The IFP is putting pressure on the KwaZulu-Natal government to consider using the old KwaZulu Legislature in uLundi instead of borrowing billions to build a new one.
This comes after the department of public works made a presentation to the portfolio committee that they need R11 billion to build new government buildings for different departments, including the office of the premier.
In 2004 when the ANC took over KZN from the IFP, the old legislature was abandoned for a British-built former parliament in Pietermaritzburg.
The KZN Parliament was used during the reign of Prince Mangosuthu Buthelezi as the leader of the homeland government before 1994.
It has hosted different leaders, including former British Prime Minister Margaret Thatcher.
IFP president Velenkosini Hlabisa said KZN is spending more than R150 million per year on leasing offices.
Hlabisa said the use of both the uLundi and Pietermaritzburg government buildings will be more affordable than borrowing money for new buildings.
“KZN does not have money especially after we were severely hit by Covid and the 2021 July unrests. We believe using the old legislature buildings is the better option,” said Hlabisa.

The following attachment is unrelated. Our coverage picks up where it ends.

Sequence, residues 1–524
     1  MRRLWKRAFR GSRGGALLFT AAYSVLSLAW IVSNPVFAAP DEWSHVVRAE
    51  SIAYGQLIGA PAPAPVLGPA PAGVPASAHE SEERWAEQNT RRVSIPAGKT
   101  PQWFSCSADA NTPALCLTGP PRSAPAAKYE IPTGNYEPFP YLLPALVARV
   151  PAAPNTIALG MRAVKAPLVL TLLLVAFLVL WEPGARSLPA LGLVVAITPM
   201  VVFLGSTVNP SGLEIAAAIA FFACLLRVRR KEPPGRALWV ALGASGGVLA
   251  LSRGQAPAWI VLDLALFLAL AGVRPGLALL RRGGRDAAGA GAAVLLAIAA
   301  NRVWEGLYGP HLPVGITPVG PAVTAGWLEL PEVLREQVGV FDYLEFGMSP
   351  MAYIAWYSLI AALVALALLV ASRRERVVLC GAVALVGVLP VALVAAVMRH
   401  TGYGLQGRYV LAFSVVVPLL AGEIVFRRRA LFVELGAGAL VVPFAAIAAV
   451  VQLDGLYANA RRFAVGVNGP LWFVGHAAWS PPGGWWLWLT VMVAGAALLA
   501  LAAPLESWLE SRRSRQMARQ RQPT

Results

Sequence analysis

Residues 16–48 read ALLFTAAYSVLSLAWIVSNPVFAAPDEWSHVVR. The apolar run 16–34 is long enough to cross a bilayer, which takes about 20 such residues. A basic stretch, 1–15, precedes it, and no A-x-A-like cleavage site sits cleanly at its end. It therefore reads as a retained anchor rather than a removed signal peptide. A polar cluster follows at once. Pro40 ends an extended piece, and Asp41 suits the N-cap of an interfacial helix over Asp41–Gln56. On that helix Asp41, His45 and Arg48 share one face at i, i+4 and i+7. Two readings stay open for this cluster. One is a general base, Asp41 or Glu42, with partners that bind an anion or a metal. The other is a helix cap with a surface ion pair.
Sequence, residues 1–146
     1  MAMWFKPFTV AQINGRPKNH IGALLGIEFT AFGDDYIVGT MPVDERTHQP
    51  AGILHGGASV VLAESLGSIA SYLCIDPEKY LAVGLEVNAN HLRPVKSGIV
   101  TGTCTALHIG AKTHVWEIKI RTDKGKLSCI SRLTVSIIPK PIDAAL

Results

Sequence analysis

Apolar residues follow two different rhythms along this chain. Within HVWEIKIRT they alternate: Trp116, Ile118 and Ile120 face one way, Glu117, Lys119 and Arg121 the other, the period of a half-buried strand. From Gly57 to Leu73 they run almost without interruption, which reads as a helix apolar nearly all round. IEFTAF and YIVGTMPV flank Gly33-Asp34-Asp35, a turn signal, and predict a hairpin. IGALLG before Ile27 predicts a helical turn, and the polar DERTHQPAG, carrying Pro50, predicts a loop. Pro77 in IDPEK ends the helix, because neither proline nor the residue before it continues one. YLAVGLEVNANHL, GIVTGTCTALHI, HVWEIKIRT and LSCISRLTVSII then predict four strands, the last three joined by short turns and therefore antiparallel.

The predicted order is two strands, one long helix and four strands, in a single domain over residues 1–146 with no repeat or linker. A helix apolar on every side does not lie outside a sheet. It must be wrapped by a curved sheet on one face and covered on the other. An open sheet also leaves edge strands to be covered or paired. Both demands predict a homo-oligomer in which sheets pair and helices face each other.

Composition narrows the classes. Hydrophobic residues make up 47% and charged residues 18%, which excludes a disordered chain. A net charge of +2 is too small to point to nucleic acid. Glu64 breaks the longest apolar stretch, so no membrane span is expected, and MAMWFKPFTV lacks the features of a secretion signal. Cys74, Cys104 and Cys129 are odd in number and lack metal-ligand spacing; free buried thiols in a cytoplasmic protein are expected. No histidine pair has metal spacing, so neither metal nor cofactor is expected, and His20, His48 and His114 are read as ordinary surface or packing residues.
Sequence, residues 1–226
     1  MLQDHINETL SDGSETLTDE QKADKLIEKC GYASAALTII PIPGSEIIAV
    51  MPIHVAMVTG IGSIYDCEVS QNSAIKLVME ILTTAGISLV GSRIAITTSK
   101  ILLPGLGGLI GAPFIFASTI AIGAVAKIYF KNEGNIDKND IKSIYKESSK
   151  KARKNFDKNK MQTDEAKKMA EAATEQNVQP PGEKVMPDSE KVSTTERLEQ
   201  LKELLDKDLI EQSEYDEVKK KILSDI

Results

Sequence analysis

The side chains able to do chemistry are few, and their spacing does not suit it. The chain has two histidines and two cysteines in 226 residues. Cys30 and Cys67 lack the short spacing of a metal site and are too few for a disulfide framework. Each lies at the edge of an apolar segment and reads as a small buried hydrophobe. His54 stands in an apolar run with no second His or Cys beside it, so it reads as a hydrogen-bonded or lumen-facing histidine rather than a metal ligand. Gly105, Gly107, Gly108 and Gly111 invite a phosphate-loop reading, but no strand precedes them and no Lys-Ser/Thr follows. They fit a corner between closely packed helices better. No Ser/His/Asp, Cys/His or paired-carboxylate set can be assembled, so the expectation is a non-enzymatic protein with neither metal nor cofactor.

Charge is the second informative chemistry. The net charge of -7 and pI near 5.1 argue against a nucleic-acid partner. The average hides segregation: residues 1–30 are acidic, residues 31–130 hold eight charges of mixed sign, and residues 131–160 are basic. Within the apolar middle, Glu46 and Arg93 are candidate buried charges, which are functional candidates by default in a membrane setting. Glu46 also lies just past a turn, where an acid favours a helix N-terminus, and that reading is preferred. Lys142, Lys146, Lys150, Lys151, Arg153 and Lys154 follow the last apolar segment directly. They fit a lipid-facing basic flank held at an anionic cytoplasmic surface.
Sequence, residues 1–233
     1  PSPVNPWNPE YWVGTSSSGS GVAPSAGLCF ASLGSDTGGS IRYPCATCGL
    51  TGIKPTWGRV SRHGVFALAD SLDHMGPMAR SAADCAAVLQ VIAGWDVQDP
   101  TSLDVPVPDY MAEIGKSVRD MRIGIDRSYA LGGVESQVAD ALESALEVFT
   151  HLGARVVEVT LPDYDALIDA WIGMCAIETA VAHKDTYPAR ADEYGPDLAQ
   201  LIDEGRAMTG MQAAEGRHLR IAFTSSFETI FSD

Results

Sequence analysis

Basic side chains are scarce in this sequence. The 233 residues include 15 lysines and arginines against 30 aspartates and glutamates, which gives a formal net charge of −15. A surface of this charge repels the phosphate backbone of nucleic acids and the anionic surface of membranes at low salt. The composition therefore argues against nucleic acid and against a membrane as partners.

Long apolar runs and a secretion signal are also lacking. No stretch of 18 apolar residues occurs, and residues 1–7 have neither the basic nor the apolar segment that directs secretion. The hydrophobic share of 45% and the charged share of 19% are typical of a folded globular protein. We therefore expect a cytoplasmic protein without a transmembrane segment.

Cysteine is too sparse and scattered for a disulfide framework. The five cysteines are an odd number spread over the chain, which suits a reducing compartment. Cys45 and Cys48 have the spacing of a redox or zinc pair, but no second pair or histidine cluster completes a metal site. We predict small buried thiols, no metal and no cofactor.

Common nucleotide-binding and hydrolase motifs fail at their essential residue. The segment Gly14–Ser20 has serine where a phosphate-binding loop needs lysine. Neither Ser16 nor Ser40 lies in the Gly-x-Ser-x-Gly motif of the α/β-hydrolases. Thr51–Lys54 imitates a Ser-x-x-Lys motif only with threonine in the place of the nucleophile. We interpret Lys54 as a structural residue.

The IFP believe that if the KZN government goes back to uLundi it will show respect for the people and the Zulu nation, as it will be a symbolic revival of King Cetshwayo’s Royal Palace. It was burnt to ashes by the British Army in 1879.
uLundi was the capital city of KZN between 1994 and 2004 when the IFP was in power.
The building has turned into a white elephant that is still milking the KZN government of millions, for water and electricity and rates without any occupation.
Others have proposed that the building should be converted to a campus for the University of Zululand or the KZN University for rural students.
Some of the buildings that were used as ministers’ accommodation have been hijacked by community members.